Imagine you are watching a meat-eater and a vegan debate whether we should eat animals. The meat-eater says that eating meat can’t be bad because we evolved to eat meat and get vital nutrients from it. The vegan says that eating meat isn’t actually natural for our bodies. Our intestines are longer than most omnivores, and our canines aren’t as defined as dogs and bears. Therefore, we should stop eating meat and do what is natural for our bodies.
In this conversation, both the meat-eater and the vegan are appealing to facts about nature to reach conclusions about the correct moral action regarding eating animals. However, this is a common fallacy in reasoning known as the is-ought gap, when someone tries to justify why we should do something based on facts about the world.
Definition of the Is-Ought Gap
The is-ought gap is a fallacy that attempts to make conclusions about the way things should be based on the evidence about the way things are. However, there is no theoretical connection between facts about the world and ethical facts. Appealing to nature in moral and political arguments cannot bridge the is-ought gap.
How It Works
Scottish philosopher David Hume first identified the is-ought gap in 1739. He noticed that moral philosophers would often talk about the way things are and then suddenly switch and begin to talk about the way things ought to be. However, there is no reason to bridge these two concepts. The way things are cannot be used as evidence for the way things ought to be. The is-ought gap applies to appeals from biology, evolution, history, and even pleasure. This is why it is a fallacy to say things like, “Everyone else on the highway is driving over the speed limit, so it’s alright for me to as well” or “We can’t change gun laws because gun rights are written in the Constitution. That’s the way things have always been.”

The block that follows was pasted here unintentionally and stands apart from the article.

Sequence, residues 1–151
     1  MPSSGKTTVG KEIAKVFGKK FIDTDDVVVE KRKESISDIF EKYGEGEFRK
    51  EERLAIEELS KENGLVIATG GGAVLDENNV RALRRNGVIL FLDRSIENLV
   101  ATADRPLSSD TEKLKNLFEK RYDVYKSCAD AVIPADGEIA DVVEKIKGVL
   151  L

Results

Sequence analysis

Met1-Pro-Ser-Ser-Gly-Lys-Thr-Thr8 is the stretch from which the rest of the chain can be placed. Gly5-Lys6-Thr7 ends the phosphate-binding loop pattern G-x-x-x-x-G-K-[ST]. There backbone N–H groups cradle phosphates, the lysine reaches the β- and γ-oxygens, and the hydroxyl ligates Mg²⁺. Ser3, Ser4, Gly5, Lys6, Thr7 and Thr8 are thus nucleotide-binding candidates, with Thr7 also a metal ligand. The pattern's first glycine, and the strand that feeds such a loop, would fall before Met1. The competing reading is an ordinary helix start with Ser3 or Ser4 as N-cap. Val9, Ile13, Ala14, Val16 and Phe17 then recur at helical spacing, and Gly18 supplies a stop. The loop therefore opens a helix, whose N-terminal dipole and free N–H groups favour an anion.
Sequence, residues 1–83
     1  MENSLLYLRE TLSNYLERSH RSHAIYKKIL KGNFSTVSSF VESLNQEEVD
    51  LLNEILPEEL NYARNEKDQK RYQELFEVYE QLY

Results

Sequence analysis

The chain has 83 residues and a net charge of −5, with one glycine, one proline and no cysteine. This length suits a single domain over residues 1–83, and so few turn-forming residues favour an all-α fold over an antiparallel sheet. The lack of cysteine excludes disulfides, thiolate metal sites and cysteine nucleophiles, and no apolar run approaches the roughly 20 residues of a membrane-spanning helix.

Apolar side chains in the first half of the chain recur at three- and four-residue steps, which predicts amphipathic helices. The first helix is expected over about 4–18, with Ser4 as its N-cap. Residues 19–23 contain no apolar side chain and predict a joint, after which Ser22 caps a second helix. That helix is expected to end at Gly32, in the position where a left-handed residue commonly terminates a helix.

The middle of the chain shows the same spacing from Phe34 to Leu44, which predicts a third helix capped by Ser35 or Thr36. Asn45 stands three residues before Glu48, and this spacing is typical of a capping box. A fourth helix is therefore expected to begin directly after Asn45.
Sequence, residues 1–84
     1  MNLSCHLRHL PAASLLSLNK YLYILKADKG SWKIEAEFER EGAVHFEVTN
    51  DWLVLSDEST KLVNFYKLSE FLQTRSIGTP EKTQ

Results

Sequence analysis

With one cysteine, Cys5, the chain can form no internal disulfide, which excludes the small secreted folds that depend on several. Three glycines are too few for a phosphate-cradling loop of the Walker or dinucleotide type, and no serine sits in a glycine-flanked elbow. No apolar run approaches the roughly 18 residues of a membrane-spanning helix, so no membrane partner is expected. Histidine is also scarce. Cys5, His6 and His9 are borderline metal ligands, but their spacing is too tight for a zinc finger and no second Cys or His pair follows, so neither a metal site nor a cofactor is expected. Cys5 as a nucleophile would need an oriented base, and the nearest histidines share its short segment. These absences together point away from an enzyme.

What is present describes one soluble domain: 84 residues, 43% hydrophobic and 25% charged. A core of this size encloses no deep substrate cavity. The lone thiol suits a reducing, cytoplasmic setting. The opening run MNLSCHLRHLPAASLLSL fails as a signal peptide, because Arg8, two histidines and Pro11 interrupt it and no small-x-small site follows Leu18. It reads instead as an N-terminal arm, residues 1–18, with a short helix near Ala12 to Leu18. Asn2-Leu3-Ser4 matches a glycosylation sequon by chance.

English philosopher G.E. Moore posited a variation to the is-ought gap in 1903 and called it the naturalistic fallacy. He argued that it is wrong to say that something is good because of the natural properties that it possesses. Moral properties like good, bad, right, and wrong are irreducible to natural properties like pleasure and pain and should not be equated with them. Pleasure does not define goodness, and morality cannot be reduced to natural properties.
The naturalistic fallacy is among the most widely used fallacies in advertisements and debates concerning current moral and political issues. When someone says sentences like, “Marijuana is illegal, you shouldn’t smoke it” or “Mass incarceration seems to be an issue in America, but we’ve always had prisons. We can’t abolish them,” they are attempting to cross the is-ought gap, and sometimes it’s hard to spot. As Hume notes, it’s a psychological tendency for us to jump from using “is” to using “ought,” even though natural facts do not imply moral facts. Be on the lookout for appeals to nature the next time you are in a conversation with someone, and remember that the way things are is not always the way things should be.
However, how can we ever know how things should be? If morality is not defined by any natural properties, including pleasure or harm, the idea of goodness is unanalyzable; that is, it cannot be broken down into smaller parts. It seems reasonable to reject the notion that eating meat is good just because we evolved to eat it. Yet, it may not seem as reasonable to reject the idea that eating meat is bad because it causes pain to animals or that bullying someone is bad because it makes them cry. Some natural properties should not bridge the gap between is and ought, but it certainly seems that other natural properties can be used to determine morality. To solve this issue, we should reflect on what the good means to us and where we acquire knowledge of it. Is there a way to talk about how we should act and how the world should be without appealing to empirical evidence?